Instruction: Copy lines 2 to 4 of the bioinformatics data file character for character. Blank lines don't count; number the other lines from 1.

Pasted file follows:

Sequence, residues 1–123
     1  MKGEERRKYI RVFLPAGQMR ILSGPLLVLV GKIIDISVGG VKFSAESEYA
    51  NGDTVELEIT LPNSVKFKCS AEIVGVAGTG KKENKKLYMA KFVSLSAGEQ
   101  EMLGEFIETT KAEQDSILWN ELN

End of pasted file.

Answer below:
     1  MKGEERRKYI RVFLPAGQMR ILSGPLLVLV GKIIDISVGG VKFSAESEYA
    51  NGDTVELEIT LPNSVKFKCS AEIVGVAGTG KKENKKLYMA KFVSLSAGEQ
   101  EMLGEFIETT KAEQDSILWN ELN